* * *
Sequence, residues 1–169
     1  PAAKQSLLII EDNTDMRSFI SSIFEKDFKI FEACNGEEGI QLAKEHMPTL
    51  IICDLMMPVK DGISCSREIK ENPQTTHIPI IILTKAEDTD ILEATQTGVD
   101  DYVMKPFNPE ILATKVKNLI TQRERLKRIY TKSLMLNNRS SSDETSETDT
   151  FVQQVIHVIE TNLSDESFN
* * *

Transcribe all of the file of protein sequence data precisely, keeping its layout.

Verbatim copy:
Sequence, residues 1–169
     1  PAAKQSLLII EDNTDMRSFI SSIFEKDFKI FEACNGEEGI QLAKEHMPTL
    51  IICDLMMPVK DGISCSREIK ENPQTTHIPI IILTKAEDTD ILEATQTGVD
   101  DYVMKPFNPE ILATKVKNLI TQRERLKRIY TKSLMLNNRS SSDETSETDT
   151  FVQQVIHVIE TNLSDESFN